5. I find that all cookie dough really benefits from time in the fridge. So after mixing I divide the dough into 2 logs and wrap in plastic wrap like a bonbon with twisted ends and leave in the fridge for a few hours or overnight. I then slice with a bread knife (the serrated blade helps to cut through the nuts and dried fruit) into nice even portions and bake.
    I have tried quite a few different nut/fruit combos: pistachio/hazelnuts/almonds/cranberry/raspberry/blueberry and they all have been great

    • Trang
      October 11, 2019 /

      Thanks for all the tips and modifications Anna. I hope others will find it helpful and I’m glad you enjoy these cookies. I do love all the variations, have you try dried mango and macadamia nuts version?

  7. Bruce Windorski
    September 11, 2019 /

    Was the best cookies I’ve made since my mother taught me!! Shared them with several people and they all loved them??? n that’s why I’m making them again??

    • Trang
      September 11, 2019 /

      Yay!! So glad you like them 🙂 and thanks for visiting!

  8. Laurel
    July 28, 2019 /

    I was excited to try these cookies. They were very cold from the fridge to oven. Mine spread flat and over baked in 10 minutes. They turned out crispy, not chewy. Do not know what went wrong. They have a great flavor, if I can just get them to be chewy and lighter in color. I will try them at eight minutes, but do not know why they went flat.

    • Trang
      July 29, 2019 /

      Hmm… That’s strange that they over bake in 10 mins. How many did you have in a batch? If your cookies are smaller in size, they could cause them to overcook quickly. As for spreading flat:
      1. Did you use new baking soda or old? Old ones lose their properties over time and cookies can spread flat.
      2. Or possibly not enough leavening agent (either baking soda or baking powder) could also cause them to spread.
      3. Maybe not enough flour to give them body? I use the measuring cup to scoop then level, no sifting or fluffing. Different ways of measuring can yield slightly different amount of flour.
      4. Perhaps your oven temperature is slightly hotter? Try at a lower temperature next time. Bake a couple at 325F and see how those turn out, then adjust up or down as you see fit for the rest of the batch.

  9. Beverly Gaffney
    July 25, 2019 /

    Can u use fresh figs and how many/ what amount?

    • Trang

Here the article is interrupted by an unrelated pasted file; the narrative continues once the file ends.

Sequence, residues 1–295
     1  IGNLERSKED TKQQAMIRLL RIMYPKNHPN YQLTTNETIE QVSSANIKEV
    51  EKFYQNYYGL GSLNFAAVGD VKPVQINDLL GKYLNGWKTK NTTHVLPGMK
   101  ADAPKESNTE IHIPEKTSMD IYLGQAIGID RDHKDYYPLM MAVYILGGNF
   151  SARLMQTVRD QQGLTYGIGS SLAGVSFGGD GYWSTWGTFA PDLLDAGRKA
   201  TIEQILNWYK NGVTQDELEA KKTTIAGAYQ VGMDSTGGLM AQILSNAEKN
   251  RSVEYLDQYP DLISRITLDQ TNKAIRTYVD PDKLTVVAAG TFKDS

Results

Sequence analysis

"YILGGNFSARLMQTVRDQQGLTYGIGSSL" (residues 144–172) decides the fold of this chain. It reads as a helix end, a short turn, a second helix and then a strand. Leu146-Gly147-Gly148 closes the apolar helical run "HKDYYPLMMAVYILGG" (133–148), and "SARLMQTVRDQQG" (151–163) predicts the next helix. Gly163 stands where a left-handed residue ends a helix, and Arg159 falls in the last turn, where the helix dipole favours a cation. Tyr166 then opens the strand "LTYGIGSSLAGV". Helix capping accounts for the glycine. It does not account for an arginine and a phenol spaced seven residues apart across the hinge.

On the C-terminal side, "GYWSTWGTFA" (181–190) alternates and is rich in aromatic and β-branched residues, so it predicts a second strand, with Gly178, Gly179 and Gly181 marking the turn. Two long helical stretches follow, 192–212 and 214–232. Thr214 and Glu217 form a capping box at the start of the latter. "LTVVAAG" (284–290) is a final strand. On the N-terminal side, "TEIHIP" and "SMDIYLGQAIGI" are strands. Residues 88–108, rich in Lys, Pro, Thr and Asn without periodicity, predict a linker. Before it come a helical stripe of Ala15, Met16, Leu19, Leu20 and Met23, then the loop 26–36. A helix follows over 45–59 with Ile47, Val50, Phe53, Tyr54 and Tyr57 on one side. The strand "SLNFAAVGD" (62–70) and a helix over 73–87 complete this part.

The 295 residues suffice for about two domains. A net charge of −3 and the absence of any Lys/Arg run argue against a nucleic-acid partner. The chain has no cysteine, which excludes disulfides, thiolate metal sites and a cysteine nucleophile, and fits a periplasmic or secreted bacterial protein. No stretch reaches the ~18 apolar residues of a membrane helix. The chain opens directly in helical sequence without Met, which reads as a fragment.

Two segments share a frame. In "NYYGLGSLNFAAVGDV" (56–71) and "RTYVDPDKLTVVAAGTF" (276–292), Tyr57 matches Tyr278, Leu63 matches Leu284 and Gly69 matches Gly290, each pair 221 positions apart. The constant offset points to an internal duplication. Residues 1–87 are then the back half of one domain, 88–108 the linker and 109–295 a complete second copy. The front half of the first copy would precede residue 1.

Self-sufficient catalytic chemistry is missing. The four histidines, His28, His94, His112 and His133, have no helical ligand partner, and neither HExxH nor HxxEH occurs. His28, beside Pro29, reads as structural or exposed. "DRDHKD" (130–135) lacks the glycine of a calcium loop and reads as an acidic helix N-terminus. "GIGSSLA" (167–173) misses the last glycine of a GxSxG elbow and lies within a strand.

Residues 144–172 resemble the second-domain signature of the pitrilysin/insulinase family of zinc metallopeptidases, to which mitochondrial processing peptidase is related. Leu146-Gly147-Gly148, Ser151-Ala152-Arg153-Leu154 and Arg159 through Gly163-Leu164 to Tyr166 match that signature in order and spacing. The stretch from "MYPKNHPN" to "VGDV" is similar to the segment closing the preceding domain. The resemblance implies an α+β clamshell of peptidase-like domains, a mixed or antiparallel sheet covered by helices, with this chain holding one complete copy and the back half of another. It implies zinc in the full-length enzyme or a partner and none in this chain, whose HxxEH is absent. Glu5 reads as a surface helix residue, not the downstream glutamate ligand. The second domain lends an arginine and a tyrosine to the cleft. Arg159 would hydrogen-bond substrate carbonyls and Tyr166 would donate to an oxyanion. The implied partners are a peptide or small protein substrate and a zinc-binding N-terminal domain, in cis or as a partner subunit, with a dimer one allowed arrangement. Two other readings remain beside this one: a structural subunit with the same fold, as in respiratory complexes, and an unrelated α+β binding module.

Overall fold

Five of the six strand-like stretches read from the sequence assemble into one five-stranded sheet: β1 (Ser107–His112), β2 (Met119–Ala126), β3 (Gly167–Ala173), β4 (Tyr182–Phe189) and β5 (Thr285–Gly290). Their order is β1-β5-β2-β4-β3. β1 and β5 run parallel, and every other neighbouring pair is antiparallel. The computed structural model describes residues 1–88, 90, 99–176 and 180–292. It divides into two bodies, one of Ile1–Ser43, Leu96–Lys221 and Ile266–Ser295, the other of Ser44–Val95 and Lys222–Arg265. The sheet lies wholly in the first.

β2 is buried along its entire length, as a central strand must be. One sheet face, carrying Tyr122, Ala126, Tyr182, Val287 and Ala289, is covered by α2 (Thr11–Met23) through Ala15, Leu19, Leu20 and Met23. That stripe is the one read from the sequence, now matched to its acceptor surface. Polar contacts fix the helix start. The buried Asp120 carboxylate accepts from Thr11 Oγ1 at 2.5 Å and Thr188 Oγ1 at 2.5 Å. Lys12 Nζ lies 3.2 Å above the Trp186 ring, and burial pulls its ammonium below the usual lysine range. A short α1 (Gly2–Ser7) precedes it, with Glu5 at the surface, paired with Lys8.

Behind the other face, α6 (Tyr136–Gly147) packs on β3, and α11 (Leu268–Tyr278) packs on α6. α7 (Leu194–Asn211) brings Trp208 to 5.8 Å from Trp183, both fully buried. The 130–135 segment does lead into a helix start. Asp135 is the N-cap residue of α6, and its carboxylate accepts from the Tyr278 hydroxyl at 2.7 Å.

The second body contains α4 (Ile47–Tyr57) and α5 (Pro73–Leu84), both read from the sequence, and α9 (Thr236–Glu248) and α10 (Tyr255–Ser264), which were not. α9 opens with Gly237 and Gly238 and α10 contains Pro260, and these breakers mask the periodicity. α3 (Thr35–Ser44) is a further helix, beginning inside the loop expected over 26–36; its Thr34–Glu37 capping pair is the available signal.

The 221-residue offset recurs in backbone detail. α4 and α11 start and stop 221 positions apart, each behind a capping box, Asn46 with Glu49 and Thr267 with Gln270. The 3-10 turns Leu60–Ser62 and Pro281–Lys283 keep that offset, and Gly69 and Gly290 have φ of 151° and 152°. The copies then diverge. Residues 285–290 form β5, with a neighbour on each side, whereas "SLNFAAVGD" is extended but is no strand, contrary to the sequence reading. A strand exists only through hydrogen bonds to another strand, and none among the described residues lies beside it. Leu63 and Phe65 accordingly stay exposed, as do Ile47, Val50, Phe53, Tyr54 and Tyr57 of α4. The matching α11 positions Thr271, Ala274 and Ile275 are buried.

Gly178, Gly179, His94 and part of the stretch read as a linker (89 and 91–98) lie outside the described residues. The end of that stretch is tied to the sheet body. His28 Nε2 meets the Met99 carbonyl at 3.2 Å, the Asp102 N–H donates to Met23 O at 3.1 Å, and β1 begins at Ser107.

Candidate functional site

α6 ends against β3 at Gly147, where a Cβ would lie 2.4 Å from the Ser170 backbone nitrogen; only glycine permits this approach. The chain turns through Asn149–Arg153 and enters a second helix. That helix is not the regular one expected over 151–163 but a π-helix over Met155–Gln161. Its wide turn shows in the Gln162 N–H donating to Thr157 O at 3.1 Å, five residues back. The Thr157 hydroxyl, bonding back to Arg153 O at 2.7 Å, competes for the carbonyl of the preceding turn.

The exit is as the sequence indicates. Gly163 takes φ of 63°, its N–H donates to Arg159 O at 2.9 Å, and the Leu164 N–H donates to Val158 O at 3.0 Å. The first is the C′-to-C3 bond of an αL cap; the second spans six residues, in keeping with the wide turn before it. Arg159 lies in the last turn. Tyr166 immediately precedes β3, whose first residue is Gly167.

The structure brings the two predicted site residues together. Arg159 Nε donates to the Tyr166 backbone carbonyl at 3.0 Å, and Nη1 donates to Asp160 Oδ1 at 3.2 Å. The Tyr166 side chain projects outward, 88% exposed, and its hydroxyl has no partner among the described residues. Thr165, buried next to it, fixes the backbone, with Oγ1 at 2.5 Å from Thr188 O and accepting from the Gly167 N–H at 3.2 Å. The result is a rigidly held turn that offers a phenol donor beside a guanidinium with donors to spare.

July 25, 2019 /

      I wouldn’t recommend fresh figs, they have a lot more moisture compared to dried figs and will completely change how the cookies bake up. Most likely, it will create mushy cookies as the moisture is released while baking unless you also change how much flour you add to the batter to compensate for this added moisture content. Without actually testing the recipe with fresh figs, I cannot say for sure what else you’ll need to change.

  10. Monei
    July 19, 2019 /

    5 stars
    Okay I tried on your recipe. An Chile I’m talk good. I’m about to TURNUP on the recipe to make it my own.
    Thank you for sharing.

  11. Sara
    June 6, 2019 /

    I tried the recipe, great taste! But mine came out puffy and dry, did I miss an ingredient? Thanks!

    • Trang
      June 7, 2019 /

      Oh no, it shouldn’t be too puffy or dry. These cookies are very chewy. Did you use brown sugar? Granulated sugar would dry it out since there’s no molasses. Or perhaps you added a bit more flour? If you add too much dry ingredients, it could dry out the batter also. If you refrigerate too long, it could seem puffy because the cookies wouldn’t spread as much. I’m not entirely sure, but if you try it again, let me know if I can help troubleshoot.

  12. January 2, 2019 /

    5 stars
    The figs look great in these, I’ll have to see if I can get some. I quite like oatmeal cookies but you’re right, those ones that get handed round the office are always off the mark somehow.

Leave a Reply

Your email address will not be published. Required fields are marked *

This site uses Akismet to reduce spam. Learn how your comment data is processed.

As Featured On